Gov. Mike Johanns touted an agenda of less government, protecting children and sweeping reform in his annual State of the State address.
Speaking Thursday before the Legislature, Johanns outlined his proposal to balance the state budget with no new taxes and an aggressive agenda that includes a plan to overhaul the state's mental health system and review a ban on corporate farming.
"I ask you in this legislative session to first recognize and applaud the reform initiatives undertaken by your fellow senators as I have laid out," Johanns said. "I ask you to help this process of reform continue; there are more issues that need your help. I need your help. We have a historic opportunity to effect substantial and necessary change."
Johanns said the sluggish economy, made worse by a continuing drought and the terrorist attacks in 2001, was the economic equivalent of the "perfect storm."
"The recession was not only as bad as we've seen since World War II, it was stubborn, and month after month it would not loosen its grip," he said.
Johanns said the budget he presented to deal with a $211 million budget shortfall provides "balance with no tax increases."
"It includes funding for several priorities that demand our attention and resources," he said. "We have a historical opportunity to set the stage for our future, to do what's right for our entire state."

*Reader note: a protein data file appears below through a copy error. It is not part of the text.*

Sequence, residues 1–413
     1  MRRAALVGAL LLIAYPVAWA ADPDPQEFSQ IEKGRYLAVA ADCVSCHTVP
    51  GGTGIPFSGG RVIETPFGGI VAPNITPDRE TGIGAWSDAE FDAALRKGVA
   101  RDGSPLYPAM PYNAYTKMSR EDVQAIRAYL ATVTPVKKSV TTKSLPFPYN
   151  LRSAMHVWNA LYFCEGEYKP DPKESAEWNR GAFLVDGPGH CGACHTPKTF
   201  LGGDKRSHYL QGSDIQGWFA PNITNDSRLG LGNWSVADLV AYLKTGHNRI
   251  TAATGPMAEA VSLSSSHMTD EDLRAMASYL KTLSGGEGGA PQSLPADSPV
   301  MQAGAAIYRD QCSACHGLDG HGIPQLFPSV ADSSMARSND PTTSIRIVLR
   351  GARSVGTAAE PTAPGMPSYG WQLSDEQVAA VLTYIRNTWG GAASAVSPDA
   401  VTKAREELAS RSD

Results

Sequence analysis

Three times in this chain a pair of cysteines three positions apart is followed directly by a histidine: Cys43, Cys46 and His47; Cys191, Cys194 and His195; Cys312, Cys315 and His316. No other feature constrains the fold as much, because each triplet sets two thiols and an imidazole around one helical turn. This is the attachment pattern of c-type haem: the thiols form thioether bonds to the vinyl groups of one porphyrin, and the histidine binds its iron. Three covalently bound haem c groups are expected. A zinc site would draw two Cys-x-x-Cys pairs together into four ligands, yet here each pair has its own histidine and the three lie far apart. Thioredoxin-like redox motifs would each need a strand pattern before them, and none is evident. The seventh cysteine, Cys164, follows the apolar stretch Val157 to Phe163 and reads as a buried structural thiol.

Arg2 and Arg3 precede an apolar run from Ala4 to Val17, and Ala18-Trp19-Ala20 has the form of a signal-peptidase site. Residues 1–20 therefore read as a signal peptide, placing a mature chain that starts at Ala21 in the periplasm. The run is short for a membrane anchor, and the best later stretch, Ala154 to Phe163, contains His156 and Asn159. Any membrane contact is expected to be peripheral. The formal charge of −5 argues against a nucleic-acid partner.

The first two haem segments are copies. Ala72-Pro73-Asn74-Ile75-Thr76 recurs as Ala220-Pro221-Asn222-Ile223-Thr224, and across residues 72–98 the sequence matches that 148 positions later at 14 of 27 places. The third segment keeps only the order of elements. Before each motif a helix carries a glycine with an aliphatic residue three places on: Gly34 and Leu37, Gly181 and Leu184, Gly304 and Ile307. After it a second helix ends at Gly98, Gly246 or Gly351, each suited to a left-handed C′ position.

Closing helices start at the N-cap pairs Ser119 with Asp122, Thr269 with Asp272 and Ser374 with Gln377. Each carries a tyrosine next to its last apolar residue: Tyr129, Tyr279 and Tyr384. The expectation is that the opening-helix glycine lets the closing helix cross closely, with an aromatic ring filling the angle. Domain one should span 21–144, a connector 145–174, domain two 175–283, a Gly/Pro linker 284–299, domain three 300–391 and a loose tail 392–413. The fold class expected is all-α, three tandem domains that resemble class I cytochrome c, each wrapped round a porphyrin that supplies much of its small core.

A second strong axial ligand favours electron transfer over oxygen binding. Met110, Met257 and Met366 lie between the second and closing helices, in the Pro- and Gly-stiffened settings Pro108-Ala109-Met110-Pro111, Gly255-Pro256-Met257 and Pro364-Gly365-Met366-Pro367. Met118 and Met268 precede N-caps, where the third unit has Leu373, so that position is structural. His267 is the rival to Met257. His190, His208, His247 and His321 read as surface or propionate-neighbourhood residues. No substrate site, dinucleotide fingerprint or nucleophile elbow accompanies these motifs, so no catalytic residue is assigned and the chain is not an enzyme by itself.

The governor also defended his proposal to close state mental hospitals in Hastings and Norfolk and move toward more community-based services for those with mental illness.
The state spends $63 million a year to run its three mental hospitals. He said the hospitals in Hastings and Norfolk are outdated and that many people are committed to the hospitals needlessly.
If the state moved to more community-based programs, the federal government will pay up to 60 percent of the cost, Johanns said.
"I implore you to reform our mental health system," he said. "It is time to open the doors and shine light on the dramatic advances in treatment.
"I fear if we lose this opportunity to reform mental health services, it will be lost for years to come. I ask for your help," he said.
Johanns also addressed the issue of a task force that has made recommendations on ways to protect children in the state.
"After hours of sad and painstaking work, the task force members have laid their recommendations in our hands. They ask us to adopt recommendations that I believe constitute the most comprehensive effort to reform the way we protect children in our state's history."